lowlands and around 1 inch for the higher terrain. Snow levels will
likely be just above the passes for most of this event, lowering to
3500-4000` as precip tapers to showers behind the cold front Sun
night/Mon.  Weagle/Bentley

.LONG TERM...Sunday night through Thursday...Similar to the evolution
of our frontal system last night into today, steady rain Sunday will
likely taper to showers Sunday night and Monday as a cold front moves
eastward across the Pac NW. Cold air aloft behind the front may again
be able to support a few thunderstorms Monday, but confidence was not
quite high enough in this yet to warrant a mention. Models have been
more aggressive in holding the remnant baroclinic zone over the Pac
NW, keeping a significant chance of rain in the forecast through
Tuesday. 00z model suite continues to show fairly good agreement in
having a bit stronger of a moisture tap with the next organized
system Tue night/Wed. This will be followed by another cool upper
trough, which would keep showers and lower snow levels through
Thursday. Most models want to evolve this upper trough into a cutoff
low somewhere over the southwestern U.S. toward the end of the week.
Depending on how far west this occurs, it could set up a drier and
warmer pattern for the end of the week. Current forecast generally
trends drier late next week with temps rising to slightly above
normal.  Weagle

&&

.AVIATION...A slow moving front will bring a mix of MVFR and VFR
conditions early this morning before the atmosphere destabilizes
behind the front and conditions turn more showery and predominantly
VFR at all taf sites for the remainder of today. Nonetheless,
cannot rule out a temporary MVFR condition at any point today
near or under heavier showers, but these should be short lived
enough and hard enough to predict that will leave the mention out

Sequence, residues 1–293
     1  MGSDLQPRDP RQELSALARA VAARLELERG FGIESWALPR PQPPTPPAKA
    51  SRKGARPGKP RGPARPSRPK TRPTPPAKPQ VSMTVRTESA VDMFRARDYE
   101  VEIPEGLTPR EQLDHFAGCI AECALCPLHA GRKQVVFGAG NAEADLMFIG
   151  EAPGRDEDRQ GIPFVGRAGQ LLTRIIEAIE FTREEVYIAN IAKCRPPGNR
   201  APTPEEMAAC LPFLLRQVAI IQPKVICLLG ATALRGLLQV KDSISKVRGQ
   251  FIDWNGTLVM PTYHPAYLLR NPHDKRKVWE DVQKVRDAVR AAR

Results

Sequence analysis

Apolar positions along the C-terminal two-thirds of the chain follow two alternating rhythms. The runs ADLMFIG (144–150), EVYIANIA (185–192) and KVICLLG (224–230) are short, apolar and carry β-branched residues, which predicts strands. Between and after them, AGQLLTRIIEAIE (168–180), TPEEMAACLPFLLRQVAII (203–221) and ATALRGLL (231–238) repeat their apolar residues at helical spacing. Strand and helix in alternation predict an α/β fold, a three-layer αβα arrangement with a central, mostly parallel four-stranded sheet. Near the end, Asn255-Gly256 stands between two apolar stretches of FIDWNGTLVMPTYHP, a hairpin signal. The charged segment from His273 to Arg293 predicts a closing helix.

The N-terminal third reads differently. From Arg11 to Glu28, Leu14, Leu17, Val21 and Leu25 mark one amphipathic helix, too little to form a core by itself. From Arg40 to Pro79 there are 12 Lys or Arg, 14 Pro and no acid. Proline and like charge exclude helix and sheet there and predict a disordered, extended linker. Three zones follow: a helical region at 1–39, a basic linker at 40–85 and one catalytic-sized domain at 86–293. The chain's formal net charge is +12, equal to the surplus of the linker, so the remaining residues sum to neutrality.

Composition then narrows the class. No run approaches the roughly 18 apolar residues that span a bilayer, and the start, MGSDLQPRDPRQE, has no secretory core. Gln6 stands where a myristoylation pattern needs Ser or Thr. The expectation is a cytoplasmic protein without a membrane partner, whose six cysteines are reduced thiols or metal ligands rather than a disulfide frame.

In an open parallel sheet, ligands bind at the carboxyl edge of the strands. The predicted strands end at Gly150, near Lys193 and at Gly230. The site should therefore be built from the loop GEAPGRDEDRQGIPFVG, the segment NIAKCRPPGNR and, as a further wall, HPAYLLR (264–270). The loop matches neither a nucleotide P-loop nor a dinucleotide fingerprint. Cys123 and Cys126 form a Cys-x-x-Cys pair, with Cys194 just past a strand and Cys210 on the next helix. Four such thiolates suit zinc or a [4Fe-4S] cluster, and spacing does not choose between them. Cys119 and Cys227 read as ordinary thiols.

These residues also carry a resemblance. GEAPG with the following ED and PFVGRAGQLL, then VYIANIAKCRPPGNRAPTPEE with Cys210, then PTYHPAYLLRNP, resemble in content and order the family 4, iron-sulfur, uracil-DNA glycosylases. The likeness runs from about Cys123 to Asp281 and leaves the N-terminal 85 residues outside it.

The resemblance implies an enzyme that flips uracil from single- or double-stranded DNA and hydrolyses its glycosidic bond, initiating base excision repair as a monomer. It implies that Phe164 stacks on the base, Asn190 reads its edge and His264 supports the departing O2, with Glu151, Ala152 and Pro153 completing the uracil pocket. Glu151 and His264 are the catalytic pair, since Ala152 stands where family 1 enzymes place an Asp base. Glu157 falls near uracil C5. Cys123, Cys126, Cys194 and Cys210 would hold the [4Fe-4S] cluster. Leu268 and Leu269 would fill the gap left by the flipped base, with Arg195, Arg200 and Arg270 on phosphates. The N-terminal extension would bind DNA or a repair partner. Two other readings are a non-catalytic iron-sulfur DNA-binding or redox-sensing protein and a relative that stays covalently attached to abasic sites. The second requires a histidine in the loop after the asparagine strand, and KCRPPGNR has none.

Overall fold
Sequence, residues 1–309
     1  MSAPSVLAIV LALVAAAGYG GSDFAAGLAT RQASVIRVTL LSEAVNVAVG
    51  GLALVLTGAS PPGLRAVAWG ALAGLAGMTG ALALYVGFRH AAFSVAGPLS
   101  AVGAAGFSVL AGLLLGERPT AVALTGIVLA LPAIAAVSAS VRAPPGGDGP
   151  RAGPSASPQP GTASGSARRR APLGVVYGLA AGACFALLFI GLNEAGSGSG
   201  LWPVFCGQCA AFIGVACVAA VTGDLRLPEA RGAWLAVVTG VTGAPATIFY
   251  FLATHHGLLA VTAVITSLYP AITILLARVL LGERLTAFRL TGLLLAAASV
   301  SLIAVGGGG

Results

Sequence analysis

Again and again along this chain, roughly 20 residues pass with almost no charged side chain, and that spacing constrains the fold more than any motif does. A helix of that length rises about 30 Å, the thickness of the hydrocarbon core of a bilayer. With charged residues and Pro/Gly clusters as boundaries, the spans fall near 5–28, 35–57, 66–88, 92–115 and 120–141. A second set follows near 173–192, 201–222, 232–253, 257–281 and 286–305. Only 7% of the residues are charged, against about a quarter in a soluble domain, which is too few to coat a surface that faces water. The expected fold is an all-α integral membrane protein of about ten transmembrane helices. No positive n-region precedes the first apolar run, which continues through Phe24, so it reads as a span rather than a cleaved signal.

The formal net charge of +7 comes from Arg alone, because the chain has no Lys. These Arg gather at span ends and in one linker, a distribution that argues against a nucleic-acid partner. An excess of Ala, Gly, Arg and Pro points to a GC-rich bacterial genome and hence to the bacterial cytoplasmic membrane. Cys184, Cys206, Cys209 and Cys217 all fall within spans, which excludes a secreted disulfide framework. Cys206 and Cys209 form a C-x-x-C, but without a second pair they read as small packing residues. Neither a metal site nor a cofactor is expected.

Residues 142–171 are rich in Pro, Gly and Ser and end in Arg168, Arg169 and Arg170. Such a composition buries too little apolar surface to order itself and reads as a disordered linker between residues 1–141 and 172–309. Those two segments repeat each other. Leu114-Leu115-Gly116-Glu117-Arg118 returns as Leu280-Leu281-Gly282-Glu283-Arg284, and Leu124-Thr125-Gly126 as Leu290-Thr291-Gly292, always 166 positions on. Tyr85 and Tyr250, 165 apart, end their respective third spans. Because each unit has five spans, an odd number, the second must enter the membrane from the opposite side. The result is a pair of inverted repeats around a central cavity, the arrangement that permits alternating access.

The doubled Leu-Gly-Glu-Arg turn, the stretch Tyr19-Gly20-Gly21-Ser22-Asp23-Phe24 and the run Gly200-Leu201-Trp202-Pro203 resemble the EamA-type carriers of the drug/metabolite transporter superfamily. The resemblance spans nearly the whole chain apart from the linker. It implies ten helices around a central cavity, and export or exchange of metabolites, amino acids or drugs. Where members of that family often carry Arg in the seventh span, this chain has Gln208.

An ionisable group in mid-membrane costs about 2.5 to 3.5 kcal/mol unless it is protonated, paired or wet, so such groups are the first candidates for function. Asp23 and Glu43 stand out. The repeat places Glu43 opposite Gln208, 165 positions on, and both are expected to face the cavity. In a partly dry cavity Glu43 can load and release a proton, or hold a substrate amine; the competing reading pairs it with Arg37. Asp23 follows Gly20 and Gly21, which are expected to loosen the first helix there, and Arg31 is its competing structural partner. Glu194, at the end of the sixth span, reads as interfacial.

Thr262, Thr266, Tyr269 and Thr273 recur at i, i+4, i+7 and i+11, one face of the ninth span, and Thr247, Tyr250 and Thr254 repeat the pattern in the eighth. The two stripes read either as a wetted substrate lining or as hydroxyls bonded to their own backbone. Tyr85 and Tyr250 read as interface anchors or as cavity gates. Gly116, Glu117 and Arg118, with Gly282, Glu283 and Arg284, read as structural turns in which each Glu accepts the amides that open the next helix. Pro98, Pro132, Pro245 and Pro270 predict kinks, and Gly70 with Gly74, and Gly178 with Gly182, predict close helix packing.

of the taf for now. There is a slight chance of a thunderstorm
impacting any given terminal today with the primary window
falling between 21z Friday and 03z Saturday. Will also leave any
thunder/cb mention out of the tafs given their low predictability
this far out in this type of pattern.

KPDX AND APPROACHES...A slow moving front will bring a mix of
MVFR and VFR conditions early this morning before the
atmosphere destabilizes behind the front and conditions turn more
showery and predominantly VFR for the remainder of today.
Nonetheless, cannot rule out a temporary MVFR condition at any
point today near or under heavier showers, but these should be
short lived enough and hard enough to predict that will leave the
mention out of the taf for now. There is a slight chance of a
thunderstorm impacting the terminal today with the primary
window falling between 21z Friday and 03z Saturday. Will also
leave any thunder/cb mention out of the taf given their low
predictability this far out in this type of pattern. /Neuman

&&

.MARINE...A strong cold front is currently pushing eastward over
the waters early this morning. Current Gale Force wind gusts of
35 to 40 kt should end shortly so will convert Gale Warnings to
Small Craft Advisories for winds and hazardous seas. Weak high
pressure will slowly push into the waters tonight and Saturday,
which will bring a gradual decline in winds. This will in turn
eventually allow seas to subside a few more feet. However, any
break in the weather and seas will be relatively short lived this
weekend as another front...similar to tonights although a bit
weaker...will push eastward into the waters and likely bring
another round of Gale Force winds Sunday. Seas should climb back
into the teens as a result. A weaker frontal storm system
appears on tap for Tuesday, but the weather looks to remain
relatively active for much of next week.

It should be noted there will be several sizable swells coming
from different directions with various dominant periods so these
were for the most part added manually to the coastal waters
forecast over the course of the next week to show the sea state
will be a bit more chaotic than a single primary swell might
suggest. /Neuman

&&

.PQR WATCHES/WARNINGS/ADVISORIES...
OR...None.
WA...Winter Weather Advisory until 10 AM PDT this morning for South
     Washington Cascades.

PZ...Small Craft Advisory for winds until 5 PM PDT this afternoon
     for Coastal Waters from Cape Shoalwater WA to Florence OR
     out 60 nm.

     Small Craft Advisory for hazardous seas until 9 PM PDT this
     evening for Coastal Waters from Cape Shoalwater WA to
     Florence OR out 60 nm.

     Small Craft Advisory for Rough Columbia River Bar until 8 AM
     PDT this morning.

     Small Craft Advisory for Rough Columbia River Bar from 1 PM
     this afternoon to 6 PM PDT this evening.

     Small Craft Advisory for Rough Columbia River Bar from 2 AM to
     6 AM PDT Saturday.

&&

$$

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This discussion is for Northwest Oregon and Southwest Washington
from the Cascade crest to 60 nautical miles offshore. The area is
commonly referred to as the forecast area.